Free newspapers are distributed outside a metro station in central Madrid. ©
A week does not seem to go by in which the New York Times does not begrudge the demise of newspapers, with the most recent discussion debating the effect of micopayments on journalism. In the meanwhile, I can not help but notice the new newspapers that are emerging from the woodwork. I can spot at least three different types of new newspaper.
Newspapers That Selling Something
The premise of the Free business model is that when certain types of goods become widely available, you need to start looking at what else there is in the offering that becomes scarce and chargeable. ClearAdmit and similar admissions consultants show how publishing MBA news markets their MBA admissions consulting services. ClearAdmit maintains a blog updated at least once a day. The blog covers news from the MBA schools - sometimes from the schools' own press releases, but also from direct sources, such as interviews with schools admissions staff. For ClearAdmit, and other similar consultants, maintaining such a blog attracts regular visitors to their site more effectively than an informational website would. The blog also allows ClearAdmit to demonstrate a level of credibility for the admissions consulting services that they sell. ClearAdmit is not unique in publishing news to sell other things. The blogs at harvardbusiness.org are intended to attract readers to long form articles in the printed Harvard Business Review and even longer form text in the form of Harvard Business School Publishing's books. Tescos Magazine consists of lifesyle articles with suggestions in side panels of related products that can be bought.
Hyper-local new sites that feature user contributed stories.
TribLocal and MyCape are hyper-local sites that allow local residents to submit their own stories. The promise of sites such as these is substanitally low overheads - there is no need for a print edition or even paid journalists. Even the New York Times seems to agree that there could be promise in this model: on Monday 2nd March they are launching their own hyperlocal blogs with contributions open to local residents. An obvious revenue generator for such hyper-local publications is hyper-local advertising. If you are the biggest grocery store in Brooklyn, you are not going to advertise on the internet using Google Adwords (the monoploy internet advertising platform). If you were to do so, your ad would be displayed to any person randomly searching for Brooklyn or grocery related subjects on the internet. The conversion rate for ads displayed to actual goods sold would be low. However, on a web site where the vast number of readers are from Brooklyn, such as a hyper-local news site, the grocery store can be sure that an ad's coversion rate is as high as it can be. Hyper-local news sites open up internet advertising to small to medium sized location based businesses. [Update: CUNY's involvement in NY Time's hyperlocal blogs].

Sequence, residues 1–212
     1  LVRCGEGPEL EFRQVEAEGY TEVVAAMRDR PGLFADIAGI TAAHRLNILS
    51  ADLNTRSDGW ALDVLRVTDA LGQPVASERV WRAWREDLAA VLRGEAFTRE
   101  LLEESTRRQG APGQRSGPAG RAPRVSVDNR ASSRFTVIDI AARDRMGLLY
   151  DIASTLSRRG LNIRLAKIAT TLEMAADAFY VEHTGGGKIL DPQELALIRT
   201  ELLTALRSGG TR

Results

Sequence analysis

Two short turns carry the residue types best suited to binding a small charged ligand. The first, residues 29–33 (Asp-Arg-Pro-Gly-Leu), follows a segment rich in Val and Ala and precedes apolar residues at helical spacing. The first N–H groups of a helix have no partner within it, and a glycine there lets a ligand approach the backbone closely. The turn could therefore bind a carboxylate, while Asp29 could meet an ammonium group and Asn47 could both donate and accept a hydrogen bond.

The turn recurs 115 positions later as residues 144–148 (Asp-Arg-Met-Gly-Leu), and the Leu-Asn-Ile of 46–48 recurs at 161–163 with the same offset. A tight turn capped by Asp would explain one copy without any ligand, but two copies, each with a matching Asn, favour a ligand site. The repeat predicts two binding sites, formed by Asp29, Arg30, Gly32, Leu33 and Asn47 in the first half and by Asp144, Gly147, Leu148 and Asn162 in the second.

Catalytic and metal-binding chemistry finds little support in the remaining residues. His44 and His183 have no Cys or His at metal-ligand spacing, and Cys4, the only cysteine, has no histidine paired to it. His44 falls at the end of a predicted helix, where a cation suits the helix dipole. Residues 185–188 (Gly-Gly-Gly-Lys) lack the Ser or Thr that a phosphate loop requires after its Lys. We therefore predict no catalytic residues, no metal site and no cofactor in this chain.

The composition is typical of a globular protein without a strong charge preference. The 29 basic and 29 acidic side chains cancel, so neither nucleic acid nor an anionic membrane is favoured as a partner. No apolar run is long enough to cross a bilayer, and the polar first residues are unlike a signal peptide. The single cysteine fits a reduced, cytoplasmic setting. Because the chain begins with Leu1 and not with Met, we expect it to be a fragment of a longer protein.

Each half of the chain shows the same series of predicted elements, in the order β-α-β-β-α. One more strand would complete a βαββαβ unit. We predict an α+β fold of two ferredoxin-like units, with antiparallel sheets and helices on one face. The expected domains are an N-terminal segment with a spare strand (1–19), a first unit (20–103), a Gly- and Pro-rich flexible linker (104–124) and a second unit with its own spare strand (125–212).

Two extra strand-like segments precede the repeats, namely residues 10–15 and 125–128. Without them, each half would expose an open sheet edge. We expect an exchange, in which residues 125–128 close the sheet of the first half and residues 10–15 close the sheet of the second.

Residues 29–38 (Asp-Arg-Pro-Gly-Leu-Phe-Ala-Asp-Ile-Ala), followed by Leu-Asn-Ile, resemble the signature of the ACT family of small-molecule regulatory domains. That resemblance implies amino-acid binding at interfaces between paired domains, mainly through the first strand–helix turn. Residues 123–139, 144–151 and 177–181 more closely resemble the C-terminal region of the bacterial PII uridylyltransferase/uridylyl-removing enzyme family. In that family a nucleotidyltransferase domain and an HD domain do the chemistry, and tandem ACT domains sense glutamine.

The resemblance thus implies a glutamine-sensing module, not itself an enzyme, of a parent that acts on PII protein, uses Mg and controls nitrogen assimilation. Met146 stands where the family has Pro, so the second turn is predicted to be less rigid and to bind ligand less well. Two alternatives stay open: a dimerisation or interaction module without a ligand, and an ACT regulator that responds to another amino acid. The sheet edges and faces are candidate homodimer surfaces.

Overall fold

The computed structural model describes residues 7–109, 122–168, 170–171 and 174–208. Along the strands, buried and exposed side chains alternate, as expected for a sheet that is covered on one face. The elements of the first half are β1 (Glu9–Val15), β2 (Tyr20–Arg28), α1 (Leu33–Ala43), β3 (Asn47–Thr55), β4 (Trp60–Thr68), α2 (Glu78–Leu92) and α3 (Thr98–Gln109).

Free Printed Newspapers
With the availability of free news on the Internet, London has seen the arrival of free printed publications. Metro started in 1999, but in recent years has been joined by The London Paper, London Lite and Sport, an infrequent sports magazine. As though from a Clayton Christensen case study, this "free newspaper" disruption even has a different distribution mechanism to the incumbant paid-for newspapers: these papers are typically handed out at London Underground train stations. The rise of free newspapers has been phenomenal and not a local phenomenon. In Madrid, free newspapers are more popular than paid newspapers. The Guardian describes the financials for a mainstream newspaper to go free, and indeed even suggests that most mainstream newspapers should go free so that they can drive traffic to the newspaper's online site and fully embrace the internet phenomenon. A study into free newspapers describes the differences between distribution driven (i.e. free) newspapers and content driven (i.e. paid) newspapers. The study suggests that free "distribution driven" papers are targetting the specific needs of the people in the distribution channel, i.e. the needs of commuters - typically a younger audience in search of short articles to be read on the go. These free newspapers are successful in running off a predominantly advertising only revenue model.
In conclusion, traditional newspapers may be dying, but journalism is thriving. New kinds of newspapers are emerging to more closely meet our needs than that which the traditional newspaper, sold from a newspaper shop or stand, has typically served.